Sig SAO compared to 1911-style safety

Sig SAO compared to 1911-style safety

This is a discussion on Sig SAO compared to 1911-style safety within the Defensive Carry Guns forums, part of the Defensive Carry Discussions category; Title says it all: how does a Sig SAO compare to a 1911 in terms of ease of use? A cocked and locked 1911 is ...

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Thread: Sig SAO compared to 1911-style safety

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    VIP Member Array BAC's Avatar
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    Sig SAO compared to 1911-style safety

    Title says it all: how does a Sig SAO compare to a 1911 in terms of ease of use? A cocked and locked 1911 is very easy to draw and swipe the safety down, with no impact on the speed of the draw (that I'm aware of). I'd like do pick up a Sig, but I'm a poor shot with DA/SA guns and the DAK triggers are a little long for my taste. The SAO looks promising...


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    Ex Member Array Ram Rod's Avatar
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    Love my P220 SAO. Been a good ten years since I've had any 1911 style pistol, but this single action is like second nature for me. The thumb safety may be a bit higher on the SIG, but it's operational for me. Very positive engagement, and best part is, you can rack the slide and chamber a round with the thumb safety engaged! The supposed 5lb trigger on this pistol is very smooth IMO, and rivals my Glocks factory trigger pulls from reset. I just can't say enough about the SIG P220 SAO. It's truly amazing I was able to come across this pistol in trade for my former G30 while actually looking for another 1911. I consider myself a lucky man.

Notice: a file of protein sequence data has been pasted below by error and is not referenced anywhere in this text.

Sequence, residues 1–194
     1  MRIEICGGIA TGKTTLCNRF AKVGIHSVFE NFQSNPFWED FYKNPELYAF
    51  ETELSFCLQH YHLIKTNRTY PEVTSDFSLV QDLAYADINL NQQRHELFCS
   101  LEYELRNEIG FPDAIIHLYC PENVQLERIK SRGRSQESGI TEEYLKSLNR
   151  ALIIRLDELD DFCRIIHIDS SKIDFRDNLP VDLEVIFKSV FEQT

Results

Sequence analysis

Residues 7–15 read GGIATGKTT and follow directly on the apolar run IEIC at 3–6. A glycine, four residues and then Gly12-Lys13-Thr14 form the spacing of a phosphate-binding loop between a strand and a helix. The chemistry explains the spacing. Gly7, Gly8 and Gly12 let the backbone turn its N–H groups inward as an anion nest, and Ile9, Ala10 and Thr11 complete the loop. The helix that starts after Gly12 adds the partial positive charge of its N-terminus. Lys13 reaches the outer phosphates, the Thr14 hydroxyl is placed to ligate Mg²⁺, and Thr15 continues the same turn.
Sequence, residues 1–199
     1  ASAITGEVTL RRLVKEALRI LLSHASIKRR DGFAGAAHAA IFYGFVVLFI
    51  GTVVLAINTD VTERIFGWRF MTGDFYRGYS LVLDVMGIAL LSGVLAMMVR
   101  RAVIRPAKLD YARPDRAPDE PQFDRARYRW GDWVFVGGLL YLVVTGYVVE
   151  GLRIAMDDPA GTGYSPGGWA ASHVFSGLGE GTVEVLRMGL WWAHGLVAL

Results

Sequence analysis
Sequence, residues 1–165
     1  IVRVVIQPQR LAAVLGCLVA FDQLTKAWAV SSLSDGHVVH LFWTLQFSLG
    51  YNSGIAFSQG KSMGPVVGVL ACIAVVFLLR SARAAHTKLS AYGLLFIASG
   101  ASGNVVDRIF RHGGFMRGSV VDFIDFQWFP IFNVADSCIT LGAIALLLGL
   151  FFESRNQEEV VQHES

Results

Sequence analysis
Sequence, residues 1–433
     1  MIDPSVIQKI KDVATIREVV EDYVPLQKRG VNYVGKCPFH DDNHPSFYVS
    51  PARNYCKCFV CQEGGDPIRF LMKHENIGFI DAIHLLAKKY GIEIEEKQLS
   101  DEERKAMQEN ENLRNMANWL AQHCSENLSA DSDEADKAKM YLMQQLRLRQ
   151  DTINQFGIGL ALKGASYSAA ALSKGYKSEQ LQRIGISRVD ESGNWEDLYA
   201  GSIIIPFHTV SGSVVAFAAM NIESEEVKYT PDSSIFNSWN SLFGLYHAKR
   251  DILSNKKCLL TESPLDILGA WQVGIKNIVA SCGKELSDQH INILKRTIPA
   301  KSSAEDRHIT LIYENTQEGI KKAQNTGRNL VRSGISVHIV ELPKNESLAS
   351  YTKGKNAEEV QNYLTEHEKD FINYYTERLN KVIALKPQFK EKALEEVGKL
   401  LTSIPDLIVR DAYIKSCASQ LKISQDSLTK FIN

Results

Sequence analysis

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    I'll find out Friday when I take out my SAO for the first time.

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  4. #4
    JD
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    Quote Originally Posted by BAC View Post
    Title says it all: how does a Sig SAO compare to a 1911 in terms of ease of use? A cocked and locked 1911 is very easy to draw and swipe the safety down, with no impact on the speed of the draw (that I'm aware of). I'd like do pick up a Sig, but I'm a poor shot with DA/SA guns and the DAK triggers are a little long for my taste. The SAO looks promising...


    -B
    I had one, if wasn't much different than the 1911 in terms of drawing and removing the safety, I feel that the pad could be a little larger, but that's just me. The safety will probably be a little stiff as first, but it will break in nicely.

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    Distinguished Member Array kazzaerexys's Avatar
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    I just got a P220 Carry. As JD says, the safety was a bit stiff at first, but I am now 500 rounds into the gun and it is easy to manipulate. I was a little worried that the smaller size of the safety (compared to a 1911) would be an issue, but I haven't found that to be the case at all. Now, I don't have big hands by any stretch; with bigger hands your thumb might not hit in the sweet spot to manipulate the safety, but it's just right for me.

    For what it's worth, I believe Bruce Gray (Gray Guns, Inc.) has been known to custom make oversized safeties for some SAO SIGs, but that would make the gun a tad wider because the safety lever would have to fit around the slide catch.
    “What is a moderate interpretation of [the Constitution]? Halfway between what it says and [...] what you want it to say?” —Justice Antonin Scalia

    SIG: P220R SS Elite SAO, P220R SAO, P220R Carry, P226R Navy, P226, P239/.40S&W, P2022/.40S&W; GSR 5", P6.

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    Ex Member Array United93's Avatar
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    Thanks for the info guys. Very informative. I'll have to add a SIG SAO to my list...

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